Computational and Mathematical Methods in Medicine
Volume 2013 (2013), Article ID 591032, 7 pages
Research Article

Radial Basis Function-Sparse Partial Least Squares for Application to Brain Imaging Data

1Department of Biostatistics, Graduate School of Medicine, Kurume University, Kurume 8300011, Japan
2Department of Integrated Therapy for Chronic Kidney Disease, Graduate School of Medical Sciences, Kyushu University, Fukuoka 8118582, Japan
3Biostatistics Center, Kurume University, Kurume 8300011, Japan

Received 11 January 2013; Revised 27 March 2013; Accepted 29 March 2013

Academic Editor: Shigeyuki Matsui

Copyright © 2013 Hisako Yoshida et al. This is an open access article distributed under the Creative Commons Attribution License, which permits unrestricted use, distribution, and reproduction in any medium, provided the original work is properly cited.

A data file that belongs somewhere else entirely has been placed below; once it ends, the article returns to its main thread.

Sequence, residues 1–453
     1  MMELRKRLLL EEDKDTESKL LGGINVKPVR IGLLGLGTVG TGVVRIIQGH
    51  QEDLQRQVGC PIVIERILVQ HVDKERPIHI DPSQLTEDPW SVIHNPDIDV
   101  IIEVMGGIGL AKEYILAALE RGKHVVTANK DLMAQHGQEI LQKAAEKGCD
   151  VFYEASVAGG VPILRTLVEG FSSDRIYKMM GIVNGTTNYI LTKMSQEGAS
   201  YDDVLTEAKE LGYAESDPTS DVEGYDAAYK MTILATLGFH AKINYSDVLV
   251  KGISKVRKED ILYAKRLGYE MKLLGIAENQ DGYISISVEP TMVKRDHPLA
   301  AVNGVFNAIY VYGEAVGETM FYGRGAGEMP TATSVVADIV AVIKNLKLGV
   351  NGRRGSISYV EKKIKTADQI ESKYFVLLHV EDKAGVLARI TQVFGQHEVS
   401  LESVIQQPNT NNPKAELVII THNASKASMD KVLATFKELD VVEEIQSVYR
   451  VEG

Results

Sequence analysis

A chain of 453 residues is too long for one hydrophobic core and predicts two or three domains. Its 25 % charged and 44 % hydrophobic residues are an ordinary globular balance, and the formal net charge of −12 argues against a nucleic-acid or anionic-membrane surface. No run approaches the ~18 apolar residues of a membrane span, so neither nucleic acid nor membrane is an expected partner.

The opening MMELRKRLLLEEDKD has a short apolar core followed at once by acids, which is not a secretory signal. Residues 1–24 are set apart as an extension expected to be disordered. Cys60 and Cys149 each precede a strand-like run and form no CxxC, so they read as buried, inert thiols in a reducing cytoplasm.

Magnetic resonance imaging (MRI) data is an invaluable tool in brain morphology research. Here, we propose a novel statistical method for investigating the relationship between clinical characteristics and brain morphology based on three-dimensional MRI data via radial basis function-sparse partial least squares (RBF-sPLS). Our data consisted of MRI image intensities for multimillion voxels in a 3D array along with 73 clinical variables. This dataset represents a suitable application of RBF-sPLS because of a potential correlation among voxels as well as among clinical characteristics. Additionally, this method can simultaneously select both effective brain regions and clinical characteristics based on sparse modeling. This is in contrast to existing methods, which consider prespecified brain regions because of the computational difficulties involved in processing high-dimensional data. RBF-sPLS employs dimensionality reduction in order to overcome this obstacle. We have applied RBF-sPLS to a real dataset composed of 102 chronic kidney disease patients, while a comparison study used a simulated dataset. RBF-sPLS identified two brain regions of interest from our patient data: the temporal lobe and the occipital lobe, which are associated with aging and anemia, respectively. Our simulation study suggested that such brain regions are extracted with excellent accuracy using our method.